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David Williams - October 2023

How and where did your art practice begin?

David Williams - October '23 Spotlight Artist
David Williams - October '23 Spotlight Artist

I remember drawing, coloring and painting as a kid. My parents encouraged me and even enrolled me in some extra weekend or summer art classes. Both my dad and grandmother were amateur oil painters. I started "real" painting with oils probably at about 10 but by my teens had moved to acrylics since I didn’t like the slow dry time and cleanup of oil. I painted a bit in high school and then more sporadically during college. When I resumed painting in my fifties, I found that my decades old acrylics (which I kept!) were in bad shape and ended up shifting to watercolors.


What draws you to your specific/preferred medium?

I love watercolors because it is alive. It flows and moves and will surprise you. Sometimes the best parts of a painting are those "accidents." I have a methodical mind and watercolor requires planning. It cannot be entirely controlled. Working with watercolor is a lesson in acceptance and letting go.


What challenges does your medium or process present and how do you adjust for or react to those challenges as they arise?

Watercolor often does its own thing. And as careful as you try to be, each brushstroke can be an adventure with color flowing into and altering already painted areas. When this happens, evaluate the result. The best response may be to let it be. Watercolor must be thought out because there is less room for adjustment than in other mediums. So think and plan before you dive in. But be ready for surprises and a wild ride.


Where do you draw inspiration for your forms/designs?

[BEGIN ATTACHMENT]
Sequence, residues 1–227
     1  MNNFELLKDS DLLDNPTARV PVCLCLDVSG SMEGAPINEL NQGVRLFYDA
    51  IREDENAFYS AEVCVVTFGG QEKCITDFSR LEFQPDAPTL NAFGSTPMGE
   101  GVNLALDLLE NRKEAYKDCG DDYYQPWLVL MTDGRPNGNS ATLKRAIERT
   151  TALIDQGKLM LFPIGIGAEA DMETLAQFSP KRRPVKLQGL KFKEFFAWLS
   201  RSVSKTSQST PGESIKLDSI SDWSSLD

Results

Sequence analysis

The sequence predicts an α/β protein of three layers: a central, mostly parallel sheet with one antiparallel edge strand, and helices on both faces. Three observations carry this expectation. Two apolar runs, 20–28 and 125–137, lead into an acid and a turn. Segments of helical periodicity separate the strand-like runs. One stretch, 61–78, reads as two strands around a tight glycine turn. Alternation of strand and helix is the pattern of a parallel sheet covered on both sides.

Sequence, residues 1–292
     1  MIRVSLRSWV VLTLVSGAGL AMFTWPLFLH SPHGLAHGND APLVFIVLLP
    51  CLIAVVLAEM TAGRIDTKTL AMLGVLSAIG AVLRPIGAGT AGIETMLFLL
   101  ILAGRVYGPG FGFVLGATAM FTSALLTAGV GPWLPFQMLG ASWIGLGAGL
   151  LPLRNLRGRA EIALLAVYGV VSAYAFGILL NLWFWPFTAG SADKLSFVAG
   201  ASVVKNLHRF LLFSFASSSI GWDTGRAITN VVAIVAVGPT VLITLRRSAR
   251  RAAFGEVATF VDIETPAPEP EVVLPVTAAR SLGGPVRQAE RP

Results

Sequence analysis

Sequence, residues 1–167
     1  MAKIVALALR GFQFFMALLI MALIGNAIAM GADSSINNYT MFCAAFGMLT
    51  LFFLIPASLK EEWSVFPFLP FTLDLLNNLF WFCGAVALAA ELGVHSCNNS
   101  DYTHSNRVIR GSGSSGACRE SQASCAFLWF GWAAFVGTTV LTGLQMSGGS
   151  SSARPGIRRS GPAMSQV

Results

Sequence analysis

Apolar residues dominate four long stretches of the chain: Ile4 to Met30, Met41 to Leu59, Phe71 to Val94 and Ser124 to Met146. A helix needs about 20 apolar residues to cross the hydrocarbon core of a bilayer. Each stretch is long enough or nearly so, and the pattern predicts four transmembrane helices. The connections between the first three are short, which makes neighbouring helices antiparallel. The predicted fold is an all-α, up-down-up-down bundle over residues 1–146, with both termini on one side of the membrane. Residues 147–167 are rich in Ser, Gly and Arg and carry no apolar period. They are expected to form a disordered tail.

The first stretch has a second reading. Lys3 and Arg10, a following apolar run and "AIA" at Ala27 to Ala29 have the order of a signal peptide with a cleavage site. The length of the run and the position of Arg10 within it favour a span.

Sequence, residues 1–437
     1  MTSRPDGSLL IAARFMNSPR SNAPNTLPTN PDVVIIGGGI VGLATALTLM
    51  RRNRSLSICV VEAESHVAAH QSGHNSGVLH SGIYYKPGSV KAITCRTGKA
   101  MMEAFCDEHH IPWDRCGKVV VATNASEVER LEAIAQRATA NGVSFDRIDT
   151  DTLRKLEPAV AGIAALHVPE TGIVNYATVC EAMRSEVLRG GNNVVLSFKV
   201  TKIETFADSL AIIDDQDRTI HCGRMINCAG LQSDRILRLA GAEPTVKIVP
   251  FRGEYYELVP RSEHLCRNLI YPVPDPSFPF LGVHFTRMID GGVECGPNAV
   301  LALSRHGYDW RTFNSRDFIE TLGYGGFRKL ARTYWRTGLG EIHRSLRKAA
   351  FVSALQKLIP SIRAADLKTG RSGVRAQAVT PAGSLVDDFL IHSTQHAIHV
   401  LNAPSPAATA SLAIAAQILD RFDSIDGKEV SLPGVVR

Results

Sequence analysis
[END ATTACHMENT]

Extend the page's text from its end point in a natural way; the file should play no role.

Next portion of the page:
Inspiration comes from everyday life. When I see something that catches my eye, I snap a picture. Luckily we all have a camera on our phones so I no longer need to bring a dedicated camera along for source material. You can find me sometimes walking down the street or a path with my head on a swivel. I use a wide range of subject matter so nothing is off the table - I have quite a few paintings of alleys, construction sites or "found" still life (that is, I did not arrange the objects but found them in place on the street or perhaps a store shelf.) I am looking for something a bit unusual or a different viewpoint. The question is "How can I make this look compelling?"


How do you plan your pieces and how do you decide when they’re finished?

Planning and design is essential for watercolor. Most of my work is done in my home studio from photos. I pull them up in Photoshop to examine their potential. Cropping is usually needed to zoom in on the most interesting section. I like to have more than one photo from the same location so I can combine the best elements from each (or even introduce objects from a different location altogether.) I do a number of small pencil sketches to check the idea. Sometimes I will also paint a half size painting to see if the choices I am making will work. I paint quickly using a three step process (light values, midtones and darks with details). This results in a fresher and more exciting painting. The joke is that a painting is always finished 30 minutes before you think it is. So I try to stop before I believe it is done and reduce the fiddling and fussing. Checking the next day, I may find small adjustments to make.  Or a painting will sit for a number of months before I realize that it can be improved and how. Sometimes it means repainting the scene from scratch.


Upcoming events/sales/where can your work be purchased?

I have a number of my varnished watercolors in the Art Hub gallery on display and for sale. I am in several group shows, participate in multiple outdoor painting events (plein air) and also will be in a few solo or featured artists exhibitions each year. Artwork is always for sale at these events. Check my website at williamswatercolors.com/events to see which shows are happening now or coming up. You can also buy directly from my website or contact me for commissions.


What role do places like Art Hub play in having an art practice that is also a business?

Art Hub provides exposure to an additional set of potential art collectors. Whether it is visiting the gallery, taking a class (I teach a number of watercolor classes at the Art Hub) or just wandering in to check out the place, these are all opportunities for people to see my watercolors on the wall. Just to be known and noticed as an artist by new people is a positive.  A gallery space which actively sells artwork offers helpful outreach beyond hoping to be discovered on my website. www.williamswatercolors.com

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